REVIEW: Infinite Vacation #1

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I generally try to avoid spoilers in my reviews if I can help it, but discussing Nick Spencer’s Infinite Vacation #1 without revealing it’s high concept would be pointless. In the world of Infinite Vacation, man has figured out that there are infinite alternate universes out there and the company Infinite Vacation offers people the opportunity to travel between them. Basically, People have started vacationing in alternate universes as if they were time shares in Florida. In addition to being able to travel between universes, the company offers the option to interact with alternate versions of yourself from those worlds, which is a cool twist on your typical alternate reality story.

The first issue of this new Image Comics series explores a Grant Morrison-y amount of ideas about this world and how it works in a very short amount of space. And somehow it does so while only featuring three speaking characters: various incarnations of the protagonist Mark, a pitchman for Infinite Vacations, and a so far unnamed beautiful girl. Maybe it’s cheating to lump all of those Marks together, but I’m doing it anyway.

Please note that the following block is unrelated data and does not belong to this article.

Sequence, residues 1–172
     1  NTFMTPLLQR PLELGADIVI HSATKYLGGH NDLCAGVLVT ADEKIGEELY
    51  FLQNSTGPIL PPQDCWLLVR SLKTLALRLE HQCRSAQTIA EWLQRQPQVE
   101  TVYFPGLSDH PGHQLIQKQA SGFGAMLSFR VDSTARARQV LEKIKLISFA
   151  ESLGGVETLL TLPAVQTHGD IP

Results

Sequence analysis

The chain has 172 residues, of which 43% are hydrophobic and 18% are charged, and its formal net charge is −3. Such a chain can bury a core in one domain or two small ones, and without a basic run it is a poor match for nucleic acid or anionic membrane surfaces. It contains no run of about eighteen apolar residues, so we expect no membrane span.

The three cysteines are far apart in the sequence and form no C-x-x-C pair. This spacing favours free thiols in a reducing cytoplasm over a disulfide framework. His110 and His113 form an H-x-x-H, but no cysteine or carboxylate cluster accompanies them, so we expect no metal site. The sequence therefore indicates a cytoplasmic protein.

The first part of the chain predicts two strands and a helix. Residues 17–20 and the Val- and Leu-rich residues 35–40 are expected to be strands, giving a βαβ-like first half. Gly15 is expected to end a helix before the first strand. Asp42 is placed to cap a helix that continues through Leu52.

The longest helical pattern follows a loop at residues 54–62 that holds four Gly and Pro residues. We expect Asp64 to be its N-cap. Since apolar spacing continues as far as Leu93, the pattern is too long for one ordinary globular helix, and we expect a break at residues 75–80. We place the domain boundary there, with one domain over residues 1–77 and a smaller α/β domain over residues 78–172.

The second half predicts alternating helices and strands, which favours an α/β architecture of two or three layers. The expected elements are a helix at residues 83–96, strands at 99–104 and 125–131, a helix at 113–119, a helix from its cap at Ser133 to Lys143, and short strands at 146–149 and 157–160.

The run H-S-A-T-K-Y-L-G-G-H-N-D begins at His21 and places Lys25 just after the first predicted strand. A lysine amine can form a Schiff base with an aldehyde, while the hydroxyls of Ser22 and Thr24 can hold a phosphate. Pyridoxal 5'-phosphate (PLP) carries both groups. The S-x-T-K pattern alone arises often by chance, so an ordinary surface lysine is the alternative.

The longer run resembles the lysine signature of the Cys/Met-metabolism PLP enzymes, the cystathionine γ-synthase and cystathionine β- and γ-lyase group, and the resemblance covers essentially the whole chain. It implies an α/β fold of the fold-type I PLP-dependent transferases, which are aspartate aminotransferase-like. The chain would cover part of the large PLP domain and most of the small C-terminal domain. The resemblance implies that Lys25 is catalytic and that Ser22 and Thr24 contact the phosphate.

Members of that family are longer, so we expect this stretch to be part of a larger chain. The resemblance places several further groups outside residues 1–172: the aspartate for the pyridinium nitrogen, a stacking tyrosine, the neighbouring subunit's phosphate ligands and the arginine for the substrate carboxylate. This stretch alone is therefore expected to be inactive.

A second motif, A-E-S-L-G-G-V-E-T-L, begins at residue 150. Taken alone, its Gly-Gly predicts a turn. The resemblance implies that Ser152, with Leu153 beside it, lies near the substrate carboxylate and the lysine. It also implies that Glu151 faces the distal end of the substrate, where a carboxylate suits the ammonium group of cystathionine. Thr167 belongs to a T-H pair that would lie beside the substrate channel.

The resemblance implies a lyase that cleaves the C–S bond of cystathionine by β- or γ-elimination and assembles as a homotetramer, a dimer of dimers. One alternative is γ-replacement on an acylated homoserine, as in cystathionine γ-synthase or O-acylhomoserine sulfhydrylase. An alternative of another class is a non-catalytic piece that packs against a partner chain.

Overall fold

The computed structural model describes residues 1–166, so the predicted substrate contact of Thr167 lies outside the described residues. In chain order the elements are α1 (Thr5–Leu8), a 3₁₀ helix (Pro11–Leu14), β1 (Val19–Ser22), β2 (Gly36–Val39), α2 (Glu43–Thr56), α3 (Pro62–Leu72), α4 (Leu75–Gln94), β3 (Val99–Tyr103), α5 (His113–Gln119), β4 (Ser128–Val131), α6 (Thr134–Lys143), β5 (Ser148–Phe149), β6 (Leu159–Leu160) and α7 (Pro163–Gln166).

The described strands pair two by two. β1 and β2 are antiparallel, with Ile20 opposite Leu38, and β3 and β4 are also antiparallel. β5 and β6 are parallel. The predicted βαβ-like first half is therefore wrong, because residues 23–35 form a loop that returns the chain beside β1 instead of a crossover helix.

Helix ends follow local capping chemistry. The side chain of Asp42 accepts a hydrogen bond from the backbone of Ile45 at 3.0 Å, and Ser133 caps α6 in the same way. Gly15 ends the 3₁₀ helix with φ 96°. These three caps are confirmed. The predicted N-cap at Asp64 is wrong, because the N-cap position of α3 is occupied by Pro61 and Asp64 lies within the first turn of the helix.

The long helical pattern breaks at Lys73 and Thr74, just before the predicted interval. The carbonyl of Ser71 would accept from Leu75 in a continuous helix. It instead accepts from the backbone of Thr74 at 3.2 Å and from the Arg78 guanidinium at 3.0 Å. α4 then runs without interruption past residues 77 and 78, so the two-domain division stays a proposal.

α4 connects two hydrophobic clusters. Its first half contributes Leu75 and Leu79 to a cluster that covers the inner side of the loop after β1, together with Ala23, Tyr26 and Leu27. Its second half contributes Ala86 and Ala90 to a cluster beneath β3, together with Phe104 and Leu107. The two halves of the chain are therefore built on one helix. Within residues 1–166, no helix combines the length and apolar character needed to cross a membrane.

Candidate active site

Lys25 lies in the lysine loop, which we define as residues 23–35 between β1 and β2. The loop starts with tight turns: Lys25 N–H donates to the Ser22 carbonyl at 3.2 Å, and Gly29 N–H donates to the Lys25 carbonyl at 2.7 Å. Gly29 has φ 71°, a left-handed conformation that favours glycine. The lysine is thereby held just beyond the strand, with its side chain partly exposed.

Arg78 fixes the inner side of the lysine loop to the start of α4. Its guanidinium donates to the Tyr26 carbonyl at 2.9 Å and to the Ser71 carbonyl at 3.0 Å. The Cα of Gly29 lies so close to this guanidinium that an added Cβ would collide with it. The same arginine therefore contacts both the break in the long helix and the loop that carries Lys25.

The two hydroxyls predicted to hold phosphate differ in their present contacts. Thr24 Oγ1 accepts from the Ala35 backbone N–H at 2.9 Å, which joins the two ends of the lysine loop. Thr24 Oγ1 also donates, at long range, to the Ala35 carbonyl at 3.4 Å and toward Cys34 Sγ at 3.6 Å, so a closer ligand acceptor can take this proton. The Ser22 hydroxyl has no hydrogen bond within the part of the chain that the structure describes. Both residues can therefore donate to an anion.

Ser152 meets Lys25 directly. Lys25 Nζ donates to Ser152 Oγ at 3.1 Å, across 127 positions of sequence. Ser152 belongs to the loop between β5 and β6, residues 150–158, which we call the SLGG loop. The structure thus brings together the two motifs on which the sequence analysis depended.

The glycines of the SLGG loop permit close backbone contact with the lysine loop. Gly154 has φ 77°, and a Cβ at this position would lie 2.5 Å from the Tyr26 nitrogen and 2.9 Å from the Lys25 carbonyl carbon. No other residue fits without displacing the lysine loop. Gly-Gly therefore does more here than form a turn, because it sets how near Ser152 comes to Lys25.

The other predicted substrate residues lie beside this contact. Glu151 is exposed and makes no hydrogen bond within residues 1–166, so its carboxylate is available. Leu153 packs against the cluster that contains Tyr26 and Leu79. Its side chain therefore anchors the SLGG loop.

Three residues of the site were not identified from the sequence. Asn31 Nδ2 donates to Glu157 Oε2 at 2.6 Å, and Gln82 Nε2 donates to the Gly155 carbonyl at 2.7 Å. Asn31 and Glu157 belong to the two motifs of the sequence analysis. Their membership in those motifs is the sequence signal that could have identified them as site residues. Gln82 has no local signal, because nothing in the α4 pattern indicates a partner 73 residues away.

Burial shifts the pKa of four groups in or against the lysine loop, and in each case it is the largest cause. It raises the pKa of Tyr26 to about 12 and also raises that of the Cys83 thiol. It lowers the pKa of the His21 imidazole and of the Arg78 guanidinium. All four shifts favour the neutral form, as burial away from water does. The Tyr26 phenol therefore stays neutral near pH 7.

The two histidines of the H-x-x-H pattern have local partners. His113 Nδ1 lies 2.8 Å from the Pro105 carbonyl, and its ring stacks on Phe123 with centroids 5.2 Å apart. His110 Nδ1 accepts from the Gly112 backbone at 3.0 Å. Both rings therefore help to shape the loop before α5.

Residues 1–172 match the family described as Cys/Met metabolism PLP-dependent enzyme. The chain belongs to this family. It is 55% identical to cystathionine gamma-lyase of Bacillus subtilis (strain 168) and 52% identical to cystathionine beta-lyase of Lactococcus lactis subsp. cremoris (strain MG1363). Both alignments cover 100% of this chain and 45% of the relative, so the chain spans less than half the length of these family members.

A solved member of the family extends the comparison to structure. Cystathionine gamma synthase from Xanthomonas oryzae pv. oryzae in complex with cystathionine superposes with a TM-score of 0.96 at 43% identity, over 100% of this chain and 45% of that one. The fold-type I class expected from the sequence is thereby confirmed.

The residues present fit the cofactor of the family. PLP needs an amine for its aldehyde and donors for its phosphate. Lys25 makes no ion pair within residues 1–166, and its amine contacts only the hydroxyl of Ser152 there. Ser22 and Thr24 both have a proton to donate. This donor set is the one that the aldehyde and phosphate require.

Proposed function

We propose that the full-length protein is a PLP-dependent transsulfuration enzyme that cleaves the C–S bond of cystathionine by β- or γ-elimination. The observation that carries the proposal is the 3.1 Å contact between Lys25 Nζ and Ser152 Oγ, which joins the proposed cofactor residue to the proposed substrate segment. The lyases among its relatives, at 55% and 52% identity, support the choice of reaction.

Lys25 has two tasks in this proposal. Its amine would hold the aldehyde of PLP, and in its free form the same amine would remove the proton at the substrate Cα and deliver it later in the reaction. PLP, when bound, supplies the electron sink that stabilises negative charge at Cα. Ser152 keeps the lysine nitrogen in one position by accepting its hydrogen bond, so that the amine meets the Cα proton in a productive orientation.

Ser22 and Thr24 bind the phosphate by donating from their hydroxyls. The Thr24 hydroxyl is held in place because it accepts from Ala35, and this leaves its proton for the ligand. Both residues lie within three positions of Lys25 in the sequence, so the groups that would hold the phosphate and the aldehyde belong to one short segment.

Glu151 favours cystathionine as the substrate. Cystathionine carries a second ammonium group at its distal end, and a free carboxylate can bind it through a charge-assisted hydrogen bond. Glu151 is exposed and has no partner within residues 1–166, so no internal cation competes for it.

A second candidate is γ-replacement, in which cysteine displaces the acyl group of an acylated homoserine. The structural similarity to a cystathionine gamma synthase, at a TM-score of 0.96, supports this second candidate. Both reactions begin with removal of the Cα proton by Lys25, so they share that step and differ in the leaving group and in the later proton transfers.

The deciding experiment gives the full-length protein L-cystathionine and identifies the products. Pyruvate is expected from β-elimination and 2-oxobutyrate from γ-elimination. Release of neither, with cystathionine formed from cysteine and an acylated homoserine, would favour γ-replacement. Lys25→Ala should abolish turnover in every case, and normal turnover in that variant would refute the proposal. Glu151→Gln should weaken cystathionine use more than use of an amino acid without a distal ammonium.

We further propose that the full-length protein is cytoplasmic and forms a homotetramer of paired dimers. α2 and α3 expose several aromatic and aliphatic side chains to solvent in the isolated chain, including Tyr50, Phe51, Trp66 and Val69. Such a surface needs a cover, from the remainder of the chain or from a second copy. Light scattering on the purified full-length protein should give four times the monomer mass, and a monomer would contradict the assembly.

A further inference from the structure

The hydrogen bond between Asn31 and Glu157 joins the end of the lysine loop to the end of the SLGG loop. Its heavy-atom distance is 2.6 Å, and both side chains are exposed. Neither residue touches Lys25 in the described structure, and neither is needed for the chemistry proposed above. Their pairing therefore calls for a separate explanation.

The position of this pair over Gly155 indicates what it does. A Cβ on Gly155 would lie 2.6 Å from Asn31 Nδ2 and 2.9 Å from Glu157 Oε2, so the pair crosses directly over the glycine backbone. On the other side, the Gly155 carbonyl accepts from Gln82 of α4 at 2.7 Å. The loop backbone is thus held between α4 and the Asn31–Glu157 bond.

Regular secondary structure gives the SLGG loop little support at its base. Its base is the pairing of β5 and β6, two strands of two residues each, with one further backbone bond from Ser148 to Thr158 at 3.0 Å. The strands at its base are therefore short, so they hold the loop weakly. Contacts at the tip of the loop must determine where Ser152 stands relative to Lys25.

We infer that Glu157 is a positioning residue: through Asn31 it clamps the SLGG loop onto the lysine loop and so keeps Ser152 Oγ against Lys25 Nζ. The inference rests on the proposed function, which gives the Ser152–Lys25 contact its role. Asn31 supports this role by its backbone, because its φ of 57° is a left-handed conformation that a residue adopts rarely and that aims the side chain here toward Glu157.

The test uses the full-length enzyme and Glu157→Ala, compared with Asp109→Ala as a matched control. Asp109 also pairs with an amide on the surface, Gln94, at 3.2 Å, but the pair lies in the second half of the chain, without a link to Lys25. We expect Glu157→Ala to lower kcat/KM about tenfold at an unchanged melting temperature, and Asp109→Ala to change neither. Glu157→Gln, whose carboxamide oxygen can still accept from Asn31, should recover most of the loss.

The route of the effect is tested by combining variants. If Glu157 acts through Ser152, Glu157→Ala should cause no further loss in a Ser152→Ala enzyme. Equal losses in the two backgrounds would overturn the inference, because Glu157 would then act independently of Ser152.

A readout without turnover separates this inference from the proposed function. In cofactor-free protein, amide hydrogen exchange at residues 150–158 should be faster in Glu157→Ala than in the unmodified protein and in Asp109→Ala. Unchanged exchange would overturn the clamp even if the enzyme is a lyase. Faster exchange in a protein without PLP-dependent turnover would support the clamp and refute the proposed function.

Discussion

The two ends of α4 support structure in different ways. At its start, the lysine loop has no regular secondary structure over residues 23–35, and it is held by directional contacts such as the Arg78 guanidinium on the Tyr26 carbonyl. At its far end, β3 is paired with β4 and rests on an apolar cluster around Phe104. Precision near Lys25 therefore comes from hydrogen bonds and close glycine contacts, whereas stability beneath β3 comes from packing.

Spencer seems to have seized hold of the “Next Big Thing” mantle with the success of his other Image series, Morning Glories, as well as his Jimmy Olsen back up features in DC’s Action Comics. I definitely have enjoyed all three of these series so far, but I won’t totally jump on the Spencer bandwagon until the stories offer their first real payoffs.

The art in Infinite Vacation by Christian Ward is pretty effective. The whole issue has a sort of dreamy feel to it similar to the cover above that nicely compliments the universe jumping, trippy feel of the story. The bright colors amplify that dreamy effect. I also found the use of photography during the appearance by the Infinite Vacation salesman to be an interesting experiment. I suspect we’ll see further artistic experiments from Ward in coming issues and I look forward to it.

Ultimately, I think Infinite Vacation is off to an interesting start. It gets by, however, largely on the strength of it’s high concept and I hope that Spencer will support that concept with a compelling story and strong characters. I suspect he has a lot to say about man’s evolving reliance on technology and I can’t wait to see it all unfold. Here at MLD we tend to focus on DC and Marvel’s output, but with books like Chew, Morning Glories, and now Infinite Vacation (plus that other little Zombie book), Image is becoming hard to ignore.

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